This was not a contract action. Nygard's claim was not for breach of contract, but for conversion (Deere's wrongful seizure and sale of property belonging to Nygard). Since this was not a contract action, punitive damages were not precluded by statutory provisions or judicial decisions holding that punitive damages are not available in contract actions.

Section 32-03-07, N.D.C.C., provides:

"In any action for the breach of an obligation not arising from contract, when the defendant has been guilty of oppression, fraud, or malice, actual or presumed, the jury, in addition to the actual damages, may give damages for the sake of example and by way of punishing the defendant."

Exemplary damages are recoverable under this statute in conversion actions.

"Exemplary damages may be awarded for conversion when the wrongdoer has been oppressive or malicious. Lamoreaux v. Randall, 53 N.D. 697, 208 N.W. 104." *95 Remmick v. Mills, 165 N.W.2d 61, 69 (N.D.1968).

To support an award of exemplary damages, the jury must find oppression, fraud, or malice, actual or presumed.

"Our review of the facts is limited to a consideration of whether there is substantial evidence to sustain the verdict; if there is such evidence, we are bound by the verdict." Syllabus 4, Watkins Products, Inc. v. Stadel, 214 N.W.2d 368 (N.D. 1973).

The jury could have found that the Deere audit of Nygard's assets and liabilities in March of 1971, with no physical count of the parts inventory, was fraudulent. The jury could have found that the demands of Deere at the meeting on March 31, 1971, at Fargo Implement Co. were malicious and oppressive. The jury could have found that Deere's rejection of Nygard's offer to return parts, machinery, and attachments in accordance with Section 51-07-01, N.D.C.C., was malicious and oppressive. The jury could have found that Deere's act of leaving the returned parts in pallet boxes, uncounted, for a period of nine months was indicative of an indifferent, calloused attitude on the part of Deere, which showed no concern for the rights of Nygard. Mr. Nygard testified that Mr. Martin told him he didn't have the time or the money to fight Deere on the parts return issue and that he had better accept Deere's terms. Mr. Nygard also testified that Mr. Martin had threatened to have him criminally prosecuted in connection with the sale of a repossessed tractor. Although Mr. Nygard's testimony was disputed by Mr. Martin, it was evidence of oppression if the jury chose to believe it. The credibility of witnesses and the weight to be given to their testimony are questions of fact for the jury to determine. Lembke v. Unke, 171 N.W.2d 837 (N.D.1969); Sprenger v. Sprenger, 146 N.W.2d 36 (N.D.1966).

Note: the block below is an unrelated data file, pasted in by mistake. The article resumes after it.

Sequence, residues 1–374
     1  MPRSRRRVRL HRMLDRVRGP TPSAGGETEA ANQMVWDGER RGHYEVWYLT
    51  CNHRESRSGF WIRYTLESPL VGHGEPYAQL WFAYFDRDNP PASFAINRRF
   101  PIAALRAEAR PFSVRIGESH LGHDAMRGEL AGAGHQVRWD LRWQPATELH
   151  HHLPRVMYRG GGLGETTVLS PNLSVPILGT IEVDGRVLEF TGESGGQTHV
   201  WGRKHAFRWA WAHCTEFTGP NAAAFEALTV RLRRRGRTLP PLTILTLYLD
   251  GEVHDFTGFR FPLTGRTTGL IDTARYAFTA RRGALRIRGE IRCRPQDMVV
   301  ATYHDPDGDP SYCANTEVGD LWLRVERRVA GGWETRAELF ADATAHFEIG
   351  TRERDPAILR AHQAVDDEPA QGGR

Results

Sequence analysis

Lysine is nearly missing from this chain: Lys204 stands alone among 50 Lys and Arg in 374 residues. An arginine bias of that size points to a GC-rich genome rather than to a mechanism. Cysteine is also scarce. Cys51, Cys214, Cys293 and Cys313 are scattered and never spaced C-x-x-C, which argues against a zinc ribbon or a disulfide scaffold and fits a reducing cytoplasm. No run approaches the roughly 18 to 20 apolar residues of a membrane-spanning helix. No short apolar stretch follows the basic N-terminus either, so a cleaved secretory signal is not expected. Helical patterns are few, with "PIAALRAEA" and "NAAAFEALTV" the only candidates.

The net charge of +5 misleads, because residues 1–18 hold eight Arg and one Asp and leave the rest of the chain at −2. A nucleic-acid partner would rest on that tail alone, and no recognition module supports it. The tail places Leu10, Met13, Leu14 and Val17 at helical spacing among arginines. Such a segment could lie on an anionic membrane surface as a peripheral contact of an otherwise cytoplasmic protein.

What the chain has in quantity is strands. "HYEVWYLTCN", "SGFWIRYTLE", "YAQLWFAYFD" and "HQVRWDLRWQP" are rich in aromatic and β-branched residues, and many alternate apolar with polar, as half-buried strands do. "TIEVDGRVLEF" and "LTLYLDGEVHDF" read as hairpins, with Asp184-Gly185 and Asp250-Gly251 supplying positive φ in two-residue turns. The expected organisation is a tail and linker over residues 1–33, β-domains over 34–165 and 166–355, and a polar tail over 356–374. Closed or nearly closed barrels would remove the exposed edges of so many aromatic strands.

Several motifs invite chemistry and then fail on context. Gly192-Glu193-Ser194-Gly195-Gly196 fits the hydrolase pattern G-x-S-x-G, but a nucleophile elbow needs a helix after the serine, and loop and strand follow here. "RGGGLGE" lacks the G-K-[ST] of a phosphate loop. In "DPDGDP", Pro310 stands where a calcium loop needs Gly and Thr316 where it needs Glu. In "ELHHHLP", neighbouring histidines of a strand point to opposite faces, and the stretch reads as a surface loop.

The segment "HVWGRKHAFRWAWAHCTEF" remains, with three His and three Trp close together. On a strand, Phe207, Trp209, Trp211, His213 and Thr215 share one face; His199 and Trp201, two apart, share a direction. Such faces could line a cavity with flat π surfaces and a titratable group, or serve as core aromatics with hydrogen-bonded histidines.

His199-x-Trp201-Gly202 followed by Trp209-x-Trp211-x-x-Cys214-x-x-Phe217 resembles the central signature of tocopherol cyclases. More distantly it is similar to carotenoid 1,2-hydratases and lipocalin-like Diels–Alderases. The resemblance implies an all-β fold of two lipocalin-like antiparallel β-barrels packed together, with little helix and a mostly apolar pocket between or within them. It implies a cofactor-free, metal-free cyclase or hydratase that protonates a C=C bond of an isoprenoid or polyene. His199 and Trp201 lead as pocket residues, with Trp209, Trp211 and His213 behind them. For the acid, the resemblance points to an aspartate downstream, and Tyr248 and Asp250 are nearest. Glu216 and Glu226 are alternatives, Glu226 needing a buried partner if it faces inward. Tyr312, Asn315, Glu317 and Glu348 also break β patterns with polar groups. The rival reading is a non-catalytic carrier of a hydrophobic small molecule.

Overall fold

Deere asserts that punitive damages are not allowable where an attachment or wrongful act is done under a bona fide claim of right and that, in a conversion action, punitive damages will not be awarded where there is a mistaken assertion of a supposed right.

In view of the evidence of oppression, fraud, and malice that has been previously set forth, however, we do not find it necessary to determine whether an attachment or other wrongful act done under a bona fide claim of right or a conversion under a mistaken assertion of a supposed right, standing alone, would support an award of punitive damages.

Deere argues that, since it is a corporation and none of the persons involved with Nygard were officers or directors of the corporation, punitive damages were improperly allowed, as there was no evidence that Deere knew of, authorized or ratified any of the actions of the employees. Citing Rickbeil v. Grafton Deaconess Hospital, 74 N.D. 525, 23 N.W.2d 247 (1946), Deere asserts that an employer is not responsible for punitive damages unless the employer participated in the wrongful act or approved of the wrongful act of the employee either before or after its commission, and the authorization or ratification must be affirmatively shown.